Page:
It’s been a week since news broke that San Francisco restaurateur Nick Bovis, the owner of well-liked local dives like the Gold Dust Lounge and Lefty O’Doul’s, had been arrested as part of a federal investigation into alleged corruption, misconduct, and kickbacks at some of the highest levels of city hall. As more details of the investigation have been reported, members of the city’s dining public have gotten a revealing look into how restaurants may — or may not — be chosen in some of the city’s most trafficked locations.
The federal investigation into Bovis and his longstanding associate, Department of Public Works head Mohammed Nuru, has been detailed in a 75-page complaint that includes details like alleged meetings between conspirators at Bovis’s Burlingame restaurant, Broadway Grill, and an alleged plot to influence the bidding process at San Francisco International Airport to ensure that Bovis’s Polk Street chicken restaurant, Spinnerie, got a spot in a terminal.
That SFO plot, in which Nuru and Bovis allegedly attempted to bribe an (unnamed in the federal complaint) airport commissioner with $5,000 in cash and a free trip out of town has already had an impact on the city. Linda Crayton, an SFO commissioner for over two decades, resigned last week, citing health concerns. Crayton admitted to ABC 7 that she was the commissioner who met with Bovis and Nuru regarding Spinnerie’s SFO plans, but said that “she had done nothing wrong and that her integrity means a lot to her.”
According to the federal complaint, however, Crayton promised to help game the system in Spinnerie’s favor because “Mohammed is asking me.” FBI Special Agent James A. Folger also says that Crayton broke the rules, the SF Examiner reports, as her participation in meetings with Bovis and Nuru violates local “rules barring communication with members of the Airport Commission seeking to influence the outcome of the selection process.”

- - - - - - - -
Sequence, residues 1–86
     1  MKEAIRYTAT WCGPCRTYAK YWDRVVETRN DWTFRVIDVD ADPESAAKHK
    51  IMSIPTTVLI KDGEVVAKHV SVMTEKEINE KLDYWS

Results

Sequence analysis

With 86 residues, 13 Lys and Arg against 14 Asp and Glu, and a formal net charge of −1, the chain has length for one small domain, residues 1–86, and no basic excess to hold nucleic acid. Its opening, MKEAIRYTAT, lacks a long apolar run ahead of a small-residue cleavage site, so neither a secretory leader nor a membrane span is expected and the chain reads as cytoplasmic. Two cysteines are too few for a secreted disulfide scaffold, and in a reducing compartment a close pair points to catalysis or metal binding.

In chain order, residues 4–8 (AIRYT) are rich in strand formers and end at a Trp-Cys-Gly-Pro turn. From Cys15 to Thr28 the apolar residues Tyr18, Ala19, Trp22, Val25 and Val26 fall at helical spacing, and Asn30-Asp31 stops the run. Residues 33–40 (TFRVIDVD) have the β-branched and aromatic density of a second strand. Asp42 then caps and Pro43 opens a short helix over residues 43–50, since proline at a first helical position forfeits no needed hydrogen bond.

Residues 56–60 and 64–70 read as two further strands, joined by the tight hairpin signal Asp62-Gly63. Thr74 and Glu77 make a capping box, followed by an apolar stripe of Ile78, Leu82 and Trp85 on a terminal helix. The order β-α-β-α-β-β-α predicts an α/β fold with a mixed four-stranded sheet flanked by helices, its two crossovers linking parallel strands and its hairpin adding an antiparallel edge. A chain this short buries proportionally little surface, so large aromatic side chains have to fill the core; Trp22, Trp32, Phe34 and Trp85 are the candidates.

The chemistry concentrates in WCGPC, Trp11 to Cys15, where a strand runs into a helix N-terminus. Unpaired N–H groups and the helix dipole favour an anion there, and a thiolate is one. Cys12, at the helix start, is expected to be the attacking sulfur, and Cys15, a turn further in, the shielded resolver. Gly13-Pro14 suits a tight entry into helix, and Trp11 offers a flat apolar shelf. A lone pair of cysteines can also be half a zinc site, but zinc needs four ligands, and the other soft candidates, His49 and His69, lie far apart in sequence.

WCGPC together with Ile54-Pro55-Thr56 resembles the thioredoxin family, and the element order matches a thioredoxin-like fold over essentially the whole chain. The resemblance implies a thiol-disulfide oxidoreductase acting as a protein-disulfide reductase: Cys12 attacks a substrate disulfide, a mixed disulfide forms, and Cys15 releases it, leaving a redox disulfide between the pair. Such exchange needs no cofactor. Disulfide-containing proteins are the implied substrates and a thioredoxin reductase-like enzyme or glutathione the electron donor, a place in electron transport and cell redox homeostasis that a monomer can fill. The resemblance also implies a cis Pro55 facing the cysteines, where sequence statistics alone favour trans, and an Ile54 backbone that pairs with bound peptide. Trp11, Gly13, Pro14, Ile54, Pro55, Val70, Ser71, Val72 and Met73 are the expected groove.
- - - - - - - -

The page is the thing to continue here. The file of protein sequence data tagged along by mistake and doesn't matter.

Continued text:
The idea that a restaurant would need a corrupt inside TJPA connection to get a lease at the Transbay Terminal is interesting. I thought what it took to get into the Transbay Terminal was a pulse.— J.K. Dineen (@SFjkdineen) January 30, 2020
Then there are the allegations that Bovis and Nuru conspired to obtain a lease for a Bovis-owned venue at the Transbay Terminal. San Francisco Chronicle reporter J.K. Dineen likely spoke for many industry watchers when he expressed surprise that anyone would need an illicit string pull to open a restaurant at the Transbay Transit Center. It’s a spot that has hardly had tenants knocking each other down to nab a lease at the location: While spots like Dim Baos, a dim sum spot from former Koi Palace chef Kam-Chiu Leung, have signed on to eventually open in the structure, 33,000 square feet were still available to tenants a year after the building’s 2018 opening.
Despite that, investigators say that Nuru, who until last week was the chair of the Transbay Joint Powers Authority board of directors (the agency that oversees the Transbay Transit Center), called TJPA’s executive director Mark Zabaneh to his city hall office, then looped Bovis in by cell phone to talk over “his top three retail space picks at the transit center that he would like for his restaurant,” the SF Examiner reports. According to Folger, this, too, was a violation, as “the phone call showed that Nuru was using his official position to help Bovis secure the lease by arranging the meeting between Bovis and the TJPA official.”
Here’s the thing: Despite these allegedly illicit conversations with city officials, Bovis didn’t manage to score a lease at either location. Meanwhile, two of his other San Francisco restaurants tanked: The Gold Dust Lounge, which left its longtime location in Union Square in 2012 following a dispute between Bovis and his landlord, shuttered its new Fisherman’s Wharf location last fall. Sports-centric piano bar/hofbrau Lefty O’Douls, which left Union Square for a neighboring Wharf location in 2018, closed over the holidays.
Bovis is out on a $2 million bond, and faces “honest service wire fraud” charges that could net him up to 20 years in prison. In addition to the recent closures of Lefty’s and the Gold Dust, neither of Bovis’s hoped-for leases at the Transbay Center or SFO came to be, and his name — which once, one might argue, conjured a picture of old-school San Francisco character — is now associated with fraud, albeit fraud of an apparently bumbling variety. It’s a tough fall for a restaurateur who used to rub shoulders with multiple San Francisco mayors. In the end, it seems like Bovis stands to lose far more than he ever stood to gain if the alleged conspiracies had panned out.